Lifestyle
Lifestyle

Is It Healthy to Sleep With Pets?

By Juliann Scholl

Updated March 17, 2021

 

Nearly 57% of American households include a pet, according to the American Veterinary Medical Association (1). Dogs are the most popular pet, present in about 38% of American households, and cats come in at a close second at 25%.

Since dog and cat owners often consider their pets to be part of their family, it’s not surprising that many of these pet owners report co-sleeping with their pets. While sleeping with pets has benefits, there are also potential drawbacks to consider. We’ll highlight the main pros and cons of sharing the bed with your pet.

What Are the Benefits of Sleeping with a Pet?

While many experts warn against co-sleeping with animals, an increasing number of studies suggest that the benefits of co-sleeping with a pet could outweigh some of the potential health risks.

Sense of Security

Historically, humans co-slept with their animals (2) for several practical reasons, including warmth, pest control, and security. While warmth and pest control are no longer common reasons for co-sleeping with a pet, a sense of security is. In fact, women report that they gain more comfort and security from sleeping with a dog than with a partner or cat (3).

Mental Health

Human-animal interactions can reduce stress and anxiety levels, lower blood pressure, and lessen loneliness and depression (4). People have also shown decreased levels of cortisol (5), a stress hormone, after interacting with a dog.

Adequate Rest

Contrary to popular belief, sleeping with a pet doesn’t always mean less rest. One human-animal co-sleeping study found that on average, dogs spend about 12.4% of the night moving, and humans only 4.5%, concluding that most of the dog’s nighttime movements did not adversely affect their human bedmates (6).

Possible Allergy Prevention

It’s generally recommended that people who suffer from allergies should not have their pets in their bedrooms to lessen exposure. After all, approximately one-third of our lives (7) is spent asleep, or trying to fall asleep.

In some specific cases, however, exposure to pets can reduce allergen sensitization in infants (8) who may be predisposed to allergies.

What Are the Risks of Sleeping with a Pet?

The Centers for Disease Control and Prevention (CDC) keeps track of diseases that can pass between humans and animals (9), though many are uncommon. These diseases, along with the following concerns, are worth considering if you're trying to decide whether or not to sleep with your pet.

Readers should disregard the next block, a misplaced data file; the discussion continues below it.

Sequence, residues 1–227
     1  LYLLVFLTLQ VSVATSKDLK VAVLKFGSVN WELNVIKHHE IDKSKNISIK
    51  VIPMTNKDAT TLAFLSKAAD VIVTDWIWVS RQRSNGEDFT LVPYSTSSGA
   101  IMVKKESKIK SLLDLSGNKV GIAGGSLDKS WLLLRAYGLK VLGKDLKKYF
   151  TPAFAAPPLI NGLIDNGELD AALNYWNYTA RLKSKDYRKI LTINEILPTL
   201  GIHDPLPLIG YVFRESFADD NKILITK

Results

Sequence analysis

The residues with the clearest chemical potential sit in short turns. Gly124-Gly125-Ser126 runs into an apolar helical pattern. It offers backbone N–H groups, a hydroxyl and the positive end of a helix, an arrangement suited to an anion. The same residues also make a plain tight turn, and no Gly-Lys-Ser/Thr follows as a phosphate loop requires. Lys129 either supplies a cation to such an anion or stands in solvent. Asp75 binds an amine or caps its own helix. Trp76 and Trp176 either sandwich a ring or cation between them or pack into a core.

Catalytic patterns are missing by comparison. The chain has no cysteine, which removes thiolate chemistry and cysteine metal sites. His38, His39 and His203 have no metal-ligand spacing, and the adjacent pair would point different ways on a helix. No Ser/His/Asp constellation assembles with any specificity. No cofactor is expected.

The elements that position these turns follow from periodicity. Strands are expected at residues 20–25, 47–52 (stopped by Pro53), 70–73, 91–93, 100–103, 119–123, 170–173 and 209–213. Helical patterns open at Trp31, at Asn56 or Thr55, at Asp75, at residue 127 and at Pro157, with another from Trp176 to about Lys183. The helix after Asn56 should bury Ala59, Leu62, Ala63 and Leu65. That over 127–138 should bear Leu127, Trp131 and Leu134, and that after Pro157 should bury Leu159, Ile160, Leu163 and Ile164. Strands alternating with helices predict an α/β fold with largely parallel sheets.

Aggravated Allergies

If you have been diagnosed with a pet allergy, the Asthma and Allergy Foundation of America (10) recommends you keep pets out of your home. But if you want to keep your pet indoors, keeping them out of your bedroom is a logical way to reduce exposure. Also, since animal dander can collect on any surface and can become airborne, selecting the right mattress might help relieve allergy symptoms.

Health Concerns

If you share a bed with your pet, they can more easily transfer unwanted diseases and infections (11), such as cat-scratch disease, fleas, and hookworms. Although these health risks are uncommon with healthy pets that make regular trips to the vet, transmission through close contact with people is possible. Injury from being bitten is another risk of having a pet snooze by your side, especially if there are infants or children around.

Increased Separation Anxiety

Spending lots of time with your pet increases your special bond, but spending all your time with them — including nighttime — could potentially make it harder on them should they need to be left alone, particularly overnight.

Cleanliness

There’s a good chance your pet spends time outside (or in their litter box) getting their paws into things you may not be aware of.  Dirt and microorganisms can then be tracked back into your home, and bed. Fecal matter may be unintentionally carried in, exposing you to Salmonella or E. Coli.

Should I Sleep with a Pet?

The decision to co-sleep with a pet should be made on an individual basis. If you are a light sleeper or have allergies, it’s probably better to sleep without your pet. If you have nighttime anxiety, however, you could find it beneficial to invite your pet onto your bed.

While there are some significant, but unlikely, physical health risks involved in co-sleeping with a pet, the psychological benefits may outweigh them.

References

 

  1. https://www.avma.org/javma-news/2019-01-15/pet-ownership-stable-veterinary-care-variable Accessed on March 15, 2021.
  2. https://pubmed.ncbi.nlm.nih.gov/28639123/ Accessed on March 7, 2021.
  3. https://www.tandfonline.com/doi/abs/10.1080/08927936.2018.1529354 Accessed March 7, 2021.
  4. https://pubmed.ncbi.nlm.nih.gov/22866043/ Accessed on March 7, 2021.
  5. https://pubmed.ncbi.nlm.nih.gov/29081760/ Accessed on March 15, 2021.
  6. https://pubmed.ncbi.nlm.nih.gov/32054077/ Accessed on March 7, 2021.
  7. https://pubmed.ncbi.nlm.nih.gov/21056174/ Accessed on March 7, 2021.
  8. https://pubmed.ncbi.nlm.nih.gov/14767447/ Accessed on March 7, 2021.
  9. https://www.cdc.gov/healthypets/diseases/index.html Accessed on March 12, 2021.
  10. https://www.aafa.org/pet-dog-cat-allergies/ Accessed on March 12, 2021.
  11. https://pubmed.ncbi.nlm.nih.gov/21291584/ Accessed on March 12, 2021.